Or shall we blame Seven Sisters herself, is it boys?  Her relentless indoctrination that boys can’t be weak, boys mustn’t cry, men should be built like boulders to cross the harsh landscape free of feeling, capable mainly of manly stuff, like killing.  Do you kill yourselves without feeling then, boys?

I mean what the fuck is going on in Bridgend?  More suicides than anywhere else in Europe, I heard.

Hey boys, listen to this one…

My car broke down in Bridgend yesterday.  Needed a tow, like.

D’you think I could find a f****** rope?

In my dreams he says, ‘I told you to get out o’ this place.  There’s nothing here for you.’

I never would listen to anyone.  Larger than life, me.  Some great writer, some day, you’ll see.

How I long for a sighting of him.  Come back, if only for a second.  I would give anything to know you are haunting these streets.

I exit the cemetery and head up to the housing estate and as I reach the short cut it begins, predictably, to drizzle.  I do a fast turn and halt suddenly.  Someone is following me.  Someone is there.  I would give anything to see his face again, to see him ambling towards me with a gun slung over his shoulder and the sparkle of life in his wild green eyes.  There will be no room in Brynbedd for me by the time I am ready to stop breathing.  Even though it’s empty here without him, even though many have died and many more will, I will stay here.  I am stronger now.  Seven Sisters did not kill me.  She made me stronger.  A streetwalking somnambulist obsessed with the dead, blown about by the wind in the hope of seeing a ghost.  Is this how I shall grow old?  Death-by-hanging, self-inflicted. Not a way to go.

I may never print these pages out.  Imagine if any one in Seven Sisters reads this stuff.  Imagine if I really am off my head, like.  Hearing the dead, like.

They’d make fun of the title too.

‘She called it MY Seven Sisters,’ they’d say and spit.

Come on then, boys, come on now – Imagine if I’m imagining it.

 

THE END

 

 

 

 

 

 

MY SEVEN SISTERS

 

By

Tracy Williams

 

 

 

 

 

 

 

 

 

 

 

 

 

 

 

 

 

 

© Copyright Tracy Williams 2009

 

 

 

 

 

 

 

 

 

 

MY SEVEN SISTERS

By

Tracy Williams

 

By the time I came back suicide was all the rage in Wales.

 

Imagine if I’m imagining this.  That the Seven Sisters you know and the Seven Sisters I see are completely different.  As I don’t know yours, I’ll tell you about the Seven Sisters that belongs to me.

 

Seven Sisters is an irrelevant ex-coalmining valley in the forgotten valleys of South Wales.  Her main cemetery is called Brynbedd.  I am standing in it now, waiting for the spirits to appear.  Brynbedd has a beautiful view of the Dulais valley.  Even the scars in the mountains created by the open cast mines cannot destroy the scene.  Her air is clean, she is all green mountains and sheep and quiet.  When I walk the streets or mountains of Seven Sisters there is always a presence beside me.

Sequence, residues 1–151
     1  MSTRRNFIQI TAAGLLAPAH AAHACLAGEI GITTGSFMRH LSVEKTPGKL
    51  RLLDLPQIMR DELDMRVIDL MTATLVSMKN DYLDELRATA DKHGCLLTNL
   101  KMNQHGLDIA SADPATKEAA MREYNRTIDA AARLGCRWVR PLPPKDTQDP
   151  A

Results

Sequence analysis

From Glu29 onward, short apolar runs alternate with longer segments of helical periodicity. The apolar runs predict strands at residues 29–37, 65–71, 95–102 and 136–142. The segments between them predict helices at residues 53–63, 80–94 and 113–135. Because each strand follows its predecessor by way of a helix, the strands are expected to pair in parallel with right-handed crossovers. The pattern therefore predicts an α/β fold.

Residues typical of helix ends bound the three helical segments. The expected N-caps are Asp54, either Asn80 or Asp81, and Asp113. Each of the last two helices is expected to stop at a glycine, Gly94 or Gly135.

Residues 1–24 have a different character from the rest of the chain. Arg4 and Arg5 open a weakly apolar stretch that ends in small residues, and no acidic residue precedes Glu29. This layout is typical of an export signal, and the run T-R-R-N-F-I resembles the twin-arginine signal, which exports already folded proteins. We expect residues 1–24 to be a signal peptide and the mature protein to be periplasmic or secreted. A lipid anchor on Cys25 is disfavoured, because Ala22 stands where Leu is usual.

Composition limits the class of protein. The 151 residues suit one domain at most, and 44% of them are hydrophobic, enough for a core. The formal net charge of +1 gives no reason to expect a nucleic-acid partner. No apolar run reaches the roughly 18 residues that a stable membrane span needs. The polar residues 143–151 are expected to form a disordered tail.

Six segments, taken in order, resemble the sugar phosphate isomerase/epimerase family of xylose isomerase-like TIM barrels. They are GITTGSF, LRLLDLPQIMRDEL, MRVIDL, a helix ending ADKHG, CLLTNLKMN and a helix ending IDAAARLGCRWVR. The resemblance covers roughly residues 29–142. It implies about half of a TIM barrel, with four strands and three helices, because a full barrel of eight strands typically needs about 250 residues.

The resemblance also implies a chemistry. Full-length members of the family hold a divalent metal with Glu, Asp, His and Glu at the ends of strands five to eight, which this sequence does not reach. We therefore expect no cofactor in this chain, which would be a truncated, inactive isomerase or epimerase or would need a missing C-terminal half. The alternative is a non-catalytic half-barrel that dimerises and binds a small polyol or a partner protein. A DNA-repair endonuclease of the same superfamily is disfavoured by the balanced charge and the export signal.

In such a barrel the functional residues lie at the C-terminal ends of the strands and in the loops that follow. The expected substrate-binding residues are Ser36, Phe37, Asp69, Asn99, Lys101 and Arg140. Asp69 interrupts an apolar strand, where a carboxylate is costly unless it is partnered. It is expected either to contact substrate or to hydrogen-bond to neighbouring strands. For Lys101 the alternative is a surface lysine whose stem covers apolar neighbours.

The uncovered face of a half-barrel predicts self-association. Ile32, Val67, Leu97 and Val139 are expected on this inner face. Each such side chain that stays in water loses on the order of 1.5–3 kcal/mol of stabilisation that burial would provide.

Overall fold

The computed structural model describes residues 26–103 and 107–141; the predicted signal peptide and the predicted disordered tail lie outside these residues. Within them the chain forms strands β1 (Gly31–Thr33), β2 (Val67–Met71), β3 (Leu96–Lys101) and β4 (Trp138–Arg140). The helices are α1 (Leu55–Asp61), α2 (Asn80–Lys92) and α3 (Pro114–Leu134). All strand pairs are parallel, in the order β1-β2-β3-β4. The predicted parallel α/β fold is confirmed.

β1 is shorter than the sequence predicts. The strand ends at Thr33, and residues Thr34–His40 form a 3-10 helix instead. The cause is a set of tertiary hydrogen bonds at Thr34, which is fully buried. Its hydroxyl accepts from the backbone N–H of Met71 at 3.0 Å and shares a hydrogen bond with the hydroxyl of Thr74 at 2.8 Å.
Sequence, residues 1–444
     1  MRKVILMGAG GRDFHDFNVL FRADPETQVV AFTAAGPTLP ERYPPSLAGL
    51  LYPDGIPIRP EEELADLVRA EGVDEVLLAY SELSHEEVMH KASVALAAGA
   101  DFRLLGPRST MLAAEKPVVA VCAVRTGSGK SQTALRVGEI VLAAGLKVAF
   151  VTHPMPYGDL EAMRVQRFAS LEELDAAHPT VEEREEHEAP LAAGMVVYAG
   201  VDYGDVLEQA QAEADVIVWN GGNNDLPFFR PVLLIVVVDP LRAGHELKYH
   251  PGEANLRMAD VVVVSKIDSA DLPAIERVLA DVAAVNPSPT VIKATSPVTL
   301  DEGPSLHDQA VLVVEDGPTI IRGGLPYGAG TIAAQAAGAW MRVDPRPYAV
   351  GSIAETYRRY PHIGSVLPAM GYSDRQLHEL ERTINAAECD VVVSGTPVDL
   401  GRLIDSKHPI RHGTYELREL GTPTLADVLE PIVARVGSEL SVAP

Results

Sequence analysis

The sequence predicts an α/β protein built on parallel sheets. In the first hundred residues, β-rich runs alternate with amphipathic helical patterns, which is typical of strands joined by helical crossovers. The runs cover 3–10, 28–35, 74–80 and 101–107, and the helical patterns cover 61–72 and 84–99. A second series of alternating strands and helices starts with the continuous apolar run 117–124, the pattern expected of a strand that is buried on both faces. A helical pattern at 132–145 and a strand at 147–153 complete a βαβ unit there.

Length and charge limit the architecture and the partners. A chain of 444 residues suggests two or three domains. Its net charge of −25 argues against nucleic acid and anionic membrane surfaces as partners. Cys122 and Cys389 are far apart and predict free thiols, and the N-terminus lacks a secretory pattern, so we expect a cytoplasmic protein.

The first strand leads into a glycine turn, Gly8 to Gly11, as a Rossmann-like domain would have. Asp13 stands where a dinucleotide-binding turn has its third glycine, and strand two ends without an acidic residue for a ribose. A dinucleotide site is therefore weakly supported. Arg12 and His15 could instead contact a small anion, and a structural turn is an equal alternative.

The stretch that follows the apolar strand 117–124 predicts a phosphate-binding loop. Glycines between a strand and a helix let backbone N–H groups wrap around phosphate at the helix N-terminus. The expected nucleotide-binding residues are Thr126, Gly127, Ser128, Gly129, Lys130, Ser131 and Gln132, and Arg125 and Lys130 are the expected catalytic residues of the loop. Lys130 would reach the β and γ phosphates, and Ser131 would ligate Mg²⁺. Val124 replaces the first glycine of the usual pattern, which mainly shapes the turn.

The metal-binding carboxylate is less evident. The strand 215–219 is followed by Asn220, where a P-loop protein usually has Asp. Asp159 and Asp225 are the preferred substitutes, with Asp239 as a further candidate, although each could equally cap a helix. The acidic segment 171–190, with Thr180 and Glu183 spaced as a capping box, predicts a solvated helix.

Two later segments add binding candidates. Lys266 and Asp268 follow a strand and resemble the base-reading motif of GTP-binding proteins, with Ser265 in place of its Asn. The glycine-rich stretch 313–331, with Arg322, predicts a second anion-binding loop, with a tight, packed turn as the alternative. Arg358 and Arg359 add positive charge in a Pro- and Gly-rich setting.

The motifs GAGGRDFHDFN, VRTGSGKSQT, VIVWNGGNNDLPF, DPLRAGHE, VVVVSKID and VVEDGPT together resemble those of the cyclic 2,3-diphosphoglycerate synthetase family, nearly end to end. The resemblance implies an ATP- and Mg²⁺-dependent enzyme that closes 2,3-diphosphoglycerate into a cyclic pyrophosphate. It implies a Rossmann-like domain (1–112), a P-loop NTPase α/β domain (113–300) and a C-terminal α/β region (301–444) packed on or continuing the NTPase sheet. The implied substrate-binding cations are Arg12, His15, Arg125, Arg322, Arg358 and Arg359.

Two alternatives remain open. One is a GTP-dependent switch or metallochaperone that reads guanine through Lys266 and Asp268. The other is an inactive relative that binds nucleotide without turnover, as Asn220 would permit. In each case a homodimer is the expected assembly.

I’m not imagining this.  A figure from the spirit world moves outwards from his headstone to observe me.  He is eternally twenty nine in our world.  Our world being what I, some kind of writer, call reality.  This is not wishful thinking or overactive imagination.  Beneath the din of the living, I can hear him.

 

I was not present at the funeral.  But I can imagine what the boys what have said.

The boys:

Well, well, dew, dew – and all them witty Welsh expressions.  In the ground at twenty nine. Helluva boy was he, see.  Innit boys?  He was larger than life, like.  A proper ‘eader.  Can’t believe it, like.  Knowing him he’s probably mucking about.  Any minute now he’s gonna jump outta that box and shout, “I fuckin’ had you!”

 

Hey boys, remember when we dug up that old grave over there and played cricket with the bones?

Who says the dead are useless?

Seven Sisters, see – nothing to do here, between you and me.

Give him some time, now boys, and we’ll dig him up to see if he’s still wearing his multicoloured coat.  Did they bury him with his gun?

 

This spirit of whom I speak, this old friend I constantly seek, was an icon of Seven Sisters.  An anti-hero of the Welsh Valleys.  Notorious for doing stupid things.  A trendsetter among his peers.  The boys followed wherever he went.  But none of them could ever quite become as larger than life as he was.

 

Until my thirteenth year, he whose name was house-hold had remained, to me, unseen.  Tales of his wild antics went with us, kids wandering the streets of Seven Sisters in the rain, kids becoming teenagers, standing in bus stops, wandering through graveyards, with nothing much to do.

 

My first actual sighting came in the middle of an afternoon, on the shortcut pathway from Heol Heddwch (translated: Road of Peace) towards Bryndulais School.  It was a tall dark figure with an amble, not a walk, a gun slung over its shoulder.  His green eyes dazzled through the drizzle, shooting stars straight at me and I knew it was him.  Like-creatures we were.  Counterparts with an incorrigible zest for life in a place where apathy-of-the-soul sets in early.  He emerged through the mist like a flash of heavenlight and we beamed at each other like keepers of a great and wonderful secret:  We are alive!  Never mind all this rain and wind and damp and cold, never mind about the unmoving mountains.  You and me, we’re alive!  The lifeloving bright star moved towards me and he said